Melissa McCarthy's is an unusual case: when zesty fem-com hit "Bridesmaids" was released back in May, there was much audience affection for her spirited sidekick turn as the bawdiest, horniest member of the wedding party, but no one suggested her as a possible Oscar contender. As the year progressed, however, things slotted neatly into place for the TV-rooted comic: the film became a pop phenomenon, she won a surprise Emmy for her sitcom "Mike & Molly," her public profile skyrocketed and her place in the awards conversation cemented. It's hard not to be happy for her, though I wish I was higher on the performance: McCarthy's ribald comic schtick is often inspired, but doesn't gel with the ensemble as smartly as some of her co-stars. The nomination is her reward -- but it's no minor one, given the career boost she's already enjoyed.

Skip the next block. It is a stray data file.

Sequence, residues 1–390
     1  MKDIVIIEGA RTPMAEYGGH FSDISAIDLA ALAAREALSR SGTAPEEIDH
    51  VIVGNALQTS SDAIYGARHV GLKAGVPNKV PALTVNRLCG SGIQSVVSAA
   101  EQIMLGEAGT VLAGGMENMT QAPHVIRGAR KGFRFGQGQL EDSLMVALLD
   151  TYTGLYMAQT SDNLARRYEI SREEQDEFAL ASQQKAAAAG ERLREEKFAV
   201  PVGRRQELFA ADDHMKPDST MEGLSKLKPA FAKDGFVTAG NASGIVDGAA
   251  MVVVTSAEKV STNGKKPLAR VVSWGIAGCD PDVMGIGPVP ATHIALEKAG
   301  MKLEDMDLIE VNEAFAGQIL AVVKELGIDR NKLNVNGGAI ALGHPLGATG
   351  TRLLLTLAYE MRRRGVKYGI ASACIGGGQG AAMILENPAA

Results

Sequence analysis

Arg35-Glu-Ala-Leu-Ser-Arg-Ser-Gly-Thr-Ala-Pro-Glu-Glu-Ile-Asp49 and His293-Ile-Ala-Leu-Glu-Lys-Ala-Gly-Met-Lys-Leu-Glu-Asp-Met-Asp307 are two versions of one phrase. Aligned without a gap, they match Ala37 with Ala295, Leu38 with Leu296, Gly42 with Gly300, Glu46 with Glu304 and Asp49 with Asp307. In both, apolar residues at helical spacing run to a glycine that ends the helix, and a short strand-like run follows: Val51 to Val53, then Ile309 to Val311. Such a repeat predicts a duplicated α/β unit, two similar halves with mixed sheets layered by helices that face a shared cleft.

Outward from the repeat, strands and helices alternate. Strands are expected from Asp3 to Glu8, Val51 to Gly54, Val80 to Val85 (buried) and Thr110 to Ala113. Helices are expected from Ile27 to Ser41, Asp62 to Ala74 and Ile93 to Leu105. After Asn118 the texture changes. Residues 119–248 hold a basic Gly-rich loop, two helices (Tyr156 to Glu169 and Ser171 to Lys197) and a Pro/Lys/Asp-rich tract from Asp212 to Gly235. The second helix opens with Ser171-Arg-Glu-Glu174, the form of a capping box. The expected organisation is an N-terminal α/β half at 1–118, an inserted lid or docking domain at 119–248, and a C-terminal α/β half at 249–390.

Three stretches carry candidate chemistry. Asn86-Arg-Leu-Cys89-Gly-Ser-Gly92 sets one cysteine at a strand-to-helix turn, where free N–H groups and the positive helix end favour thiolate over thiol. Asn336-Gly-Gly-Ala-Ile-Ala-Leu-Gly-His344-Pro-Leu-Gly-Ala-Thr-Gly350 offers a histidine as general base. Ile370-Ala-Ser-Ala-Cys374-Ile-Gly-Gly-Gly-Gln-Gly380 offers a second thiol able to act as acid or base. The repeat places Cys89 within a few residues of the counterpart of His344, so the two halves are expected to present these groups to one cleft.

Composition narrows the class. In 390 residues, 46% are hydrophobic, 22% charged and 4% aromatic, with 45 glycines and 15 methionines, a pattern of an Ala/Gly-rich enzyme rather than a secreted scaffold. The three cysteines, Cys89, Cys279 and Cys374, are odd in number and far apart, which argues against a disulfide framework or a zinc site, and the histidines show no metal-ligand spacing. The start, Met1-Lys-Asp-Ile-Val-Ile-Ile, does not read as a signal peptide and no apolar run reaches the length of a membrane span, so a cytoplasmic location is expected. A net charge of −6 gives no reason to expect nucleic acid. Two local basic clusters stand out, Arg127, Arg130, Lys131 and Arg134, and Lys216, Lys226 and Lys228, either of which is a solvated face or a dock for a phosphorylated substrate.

12 years ago, Janet McTeer bucked the odds to earn an unlikely Best Actress nod for microscopic indie "Tumbleweeds": Hollywood didn't really come calling for the tall, RADA-trained British thesp, and she's been mostly working in theater and television ever since. "Albert Nobbs," in which she plays brusque, bolshy, cross-dressing house painter Hubert Page, represents a rare opportunity for the actress to let loose on the big screen, and she seizes it with both hands -- and one of the most jaw-dropping bosom unveilings in the history of cinema. Where co-star Glenn Close's Oscar chances nosedived with the Irish period piece's tepid reception, McTeer has actively benefited from the film being the teensiest bit awful: being the earthy life force of an otherwise inert vehicle is often a sound route to Oscar attention, and so it is here. She won't win, but here's hoping a second nom nets her better opportunities to strut her stuff.